June 20, 2013 - As the Garden Enters the Summer Season (part 1)

Tomorrow summer officially begins.  You couldn't tell from the weather we've been having!  It's been about 20 degrees below normal for the last ten days......cloudy, windy and rainy.

I spent most of today in the garden, trying to catch up a bit in between rain storms.  I transplanted, weeded, hoed, pulled out old plants, raked and did general garden cleanup.  Then I took pictures.  Lots of pictures!  So many pictures, I thought it would be best to put them in two posts.  So here we go, with the summer garden!

 The small garden behind the shed had garlic, the main lettuce bed and a container of potatoes.  All the remaining mature lettuces were pulled this week, so today it was filled with transplants.  These lettuce plants had been started in the main garden, but sparrows were keeping them badly nipped.  Back here they are protected by the netting covered structure, so hopefully they can recover and grow.  Tuesday the garlic was pulled (back where the straw is).  It was still small, but beginning to dry and flop over, so out it came.   In its place I planted three rows of carrots.

 The garlic, drying on a screen in the shed.  Not a great harvest, but considering they all came from a couple of grocery store bulbs that were rotting, not too bad.  These won't be weighed until they are completely dry.

 To the right of the shed garden, we head into the main garden.  Here I have flowers, a couple of leftover pepper plants, some tomatoes, parsley and dill.

 To my right I see the four Super Fantastic tomato plants, with a few carrots interplanted.

 Yes, I have tomatoes.  But will it ever warm up enough for them to ripen?

 This was the Walla Walla sweet onion bed, but most of them have now been pulled.  There are about a half dozen larger ones at the back of the bed, and a few salad onions in the front, but my onion harvest is only going to be a fraction of that of previous years.  It just hasn't been a very good year for my root crops.  I do have a few radishes left in this bed, and a nice row of Red Sails lettuce.  The sparrows don't bother the red lettuces like they do the green.  Today I planted a few beet seeds in the center of this bed.

 Walla Wallas hanging in the shed to dry.  I won't be giving any away this year!

The earlier blooming Sweet Williams were all cut back this morning.  I was going to scatter some Cosmos seeds here, but when I opened the packet there were only about six seeds left.  I tossed them into the loosened soil, if they grow they grow.  At least the tomato plant here has a bit more breathing room with the flowers cut down.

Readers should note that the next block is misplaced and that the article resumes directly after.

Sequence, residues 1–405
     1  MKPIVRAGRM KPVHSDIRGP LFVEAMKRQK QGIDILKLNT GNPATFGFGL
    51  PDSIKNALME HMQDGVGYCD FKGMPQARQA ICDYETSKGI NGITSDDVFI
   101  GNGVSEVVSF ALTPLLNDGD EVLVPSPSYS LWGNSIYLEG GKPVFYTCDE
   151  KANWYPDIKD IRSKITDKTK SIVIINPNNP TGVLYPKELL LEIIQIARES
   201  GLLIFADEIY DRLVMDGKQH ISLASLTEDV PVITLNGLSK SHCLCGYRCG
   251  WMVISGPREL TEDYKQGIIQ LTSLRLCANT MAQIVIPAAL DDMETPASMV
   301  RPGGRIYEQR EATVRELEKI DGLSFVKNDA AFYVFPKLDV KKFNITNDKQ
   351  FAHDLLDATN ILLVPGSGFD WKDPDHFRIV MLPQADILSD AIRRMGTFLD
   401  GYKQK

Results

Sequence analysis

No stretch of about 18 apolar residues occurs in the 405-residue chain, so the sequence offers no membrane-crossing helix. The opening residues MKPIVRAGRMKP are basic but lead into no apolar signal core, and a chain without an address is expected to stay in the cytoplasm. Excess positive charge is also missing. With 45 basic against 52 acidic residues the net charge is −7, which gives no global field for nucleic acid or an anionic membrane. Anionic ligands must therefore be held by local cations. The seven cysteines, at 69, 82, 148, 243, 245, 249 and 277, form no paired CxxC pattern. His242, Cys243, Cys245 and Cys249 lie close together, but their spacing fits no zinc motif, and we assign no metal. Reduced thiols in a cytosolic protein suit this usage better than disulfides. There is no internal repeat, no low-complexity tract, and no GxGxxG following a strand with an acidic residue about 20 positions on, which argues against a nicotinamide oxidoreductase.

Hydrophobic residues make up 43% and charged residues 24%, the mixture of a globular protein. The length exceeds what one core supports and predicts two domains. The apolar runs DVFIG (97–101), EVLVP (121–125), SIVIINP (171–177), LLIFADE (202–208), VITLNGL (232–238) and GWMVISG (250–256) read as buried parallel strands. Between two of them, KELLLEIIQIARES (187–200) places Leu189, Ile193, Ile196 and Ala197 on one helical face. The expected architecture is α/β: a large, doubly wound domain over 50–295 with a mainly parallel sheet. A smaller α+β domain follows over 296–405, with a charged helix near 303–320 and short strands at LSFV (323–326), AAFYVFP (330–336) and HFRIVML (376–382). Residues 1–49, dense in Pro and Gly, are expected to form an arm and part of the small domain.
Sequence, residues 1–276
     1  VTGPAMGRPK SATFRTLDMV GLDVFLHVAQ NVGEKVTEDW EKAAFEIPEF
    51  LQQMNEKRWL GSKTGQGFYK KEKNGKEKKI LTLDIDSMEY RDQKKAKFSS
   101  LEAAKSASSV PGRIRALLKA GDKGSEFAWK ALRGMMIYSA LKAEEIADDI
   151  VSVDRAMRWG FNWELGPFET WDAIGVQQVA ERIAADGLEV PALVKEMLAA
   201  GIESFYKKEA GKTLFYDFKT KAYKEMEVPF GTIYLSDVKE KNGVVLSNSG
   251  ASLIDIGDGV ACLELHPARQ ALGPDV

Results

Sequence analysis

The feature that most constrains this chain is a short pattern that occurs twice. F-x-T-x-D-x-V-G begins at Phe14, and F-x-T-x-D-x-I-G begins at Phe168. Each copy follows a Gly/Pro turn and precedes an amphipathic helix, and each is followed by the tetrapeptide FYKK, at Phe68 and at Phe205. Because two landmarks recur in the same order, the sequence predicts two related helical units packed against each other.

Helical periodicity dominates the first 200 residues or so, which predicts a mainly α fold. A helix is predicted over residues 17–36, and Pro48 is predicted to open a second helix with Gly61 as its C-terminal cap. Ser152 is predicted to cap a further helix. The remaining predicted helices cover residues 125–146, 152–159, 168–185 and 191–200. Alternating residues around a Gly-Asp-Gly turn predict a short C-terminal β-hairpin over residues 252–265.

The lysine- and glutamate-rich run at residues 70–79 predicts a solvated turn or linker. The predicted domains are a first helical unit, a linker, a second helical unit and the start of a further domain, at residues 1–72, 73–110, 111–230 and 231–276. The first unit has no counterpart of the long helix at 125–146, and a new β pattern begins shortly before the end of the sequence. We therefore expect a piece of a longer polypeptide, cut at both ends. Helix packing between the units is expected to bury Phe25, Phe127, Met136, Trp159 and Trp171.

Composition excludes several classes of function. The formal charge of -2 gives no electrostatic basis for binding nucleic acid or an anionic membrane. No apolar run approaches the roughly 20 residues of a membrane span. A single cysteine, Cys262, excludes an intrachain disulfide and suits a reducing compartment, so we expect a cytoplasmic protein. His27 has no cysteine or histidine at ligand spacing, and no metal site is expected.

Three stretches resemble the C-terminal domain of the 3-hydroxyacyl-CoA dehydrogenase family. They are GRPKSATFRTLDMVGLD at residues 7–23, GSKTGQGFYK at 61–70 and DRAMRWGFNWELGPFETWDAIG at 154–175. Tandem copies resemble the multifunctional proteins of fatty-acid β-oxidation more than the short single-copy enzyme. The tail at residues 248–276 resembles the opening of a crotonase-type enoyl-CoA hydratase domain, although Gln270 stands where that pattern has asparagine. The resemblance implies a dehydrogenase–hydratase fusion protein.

A wheelbarrow stuffed full of Sweet Williams will be headed for the landfill.  My compost pile doesn't get hot enough to kill the seeds, and I don't want volunteers all over the garden next year!

 My "Toni Hollyhocks" are blooming.

 As is my very first coneflower!  These budded last year, but never did bloom.  I was planning on pulling them out this week, but they came through for me!  The plants are rather ugly (and huge), but the flower is so very pretty.

 Dark Red Norland potatoes.  

 On the left are the Yukon Gold (from my saved seed) and the not Yukon Gold potatoes that were mislabeled at the store.  Unfortunately, the ones from my saved seeds evidently have blight, which is spreading to the others.  I've been digging the ones from my seeds, but so far I've only found a couple of potatoes under the others.  It seems they are not only the wrong variety, but they are going to give me a very sparse, if any, harvest.  On the right are my only two mature broccoli plants (all the others were consumed by cutworms).  There are a few carrots in there somewhere, but not growing well.  More Red Sails lettuce that will be ready by the time the other ones are gone.    I have a bare spot at the front, where a cabbage was just removed.  I have no idea what will go there, maybe more beets.

 I've pulled the cabbages from this bed, they were used to make sauerkraut this week.  There is still an oddball in the bed, along with some young broccoli transplants.  I've cut off mature cabbages, leaving the roots in the ground, and had them grow multiple mini-heads.  But I've never before grown a cabbage from seed that developed three heads on one plant!    I put in a few cloves of garlic that had begun to sprout.  It should be fine to use as green garlic this summer/fall.

A three-headed cabbage!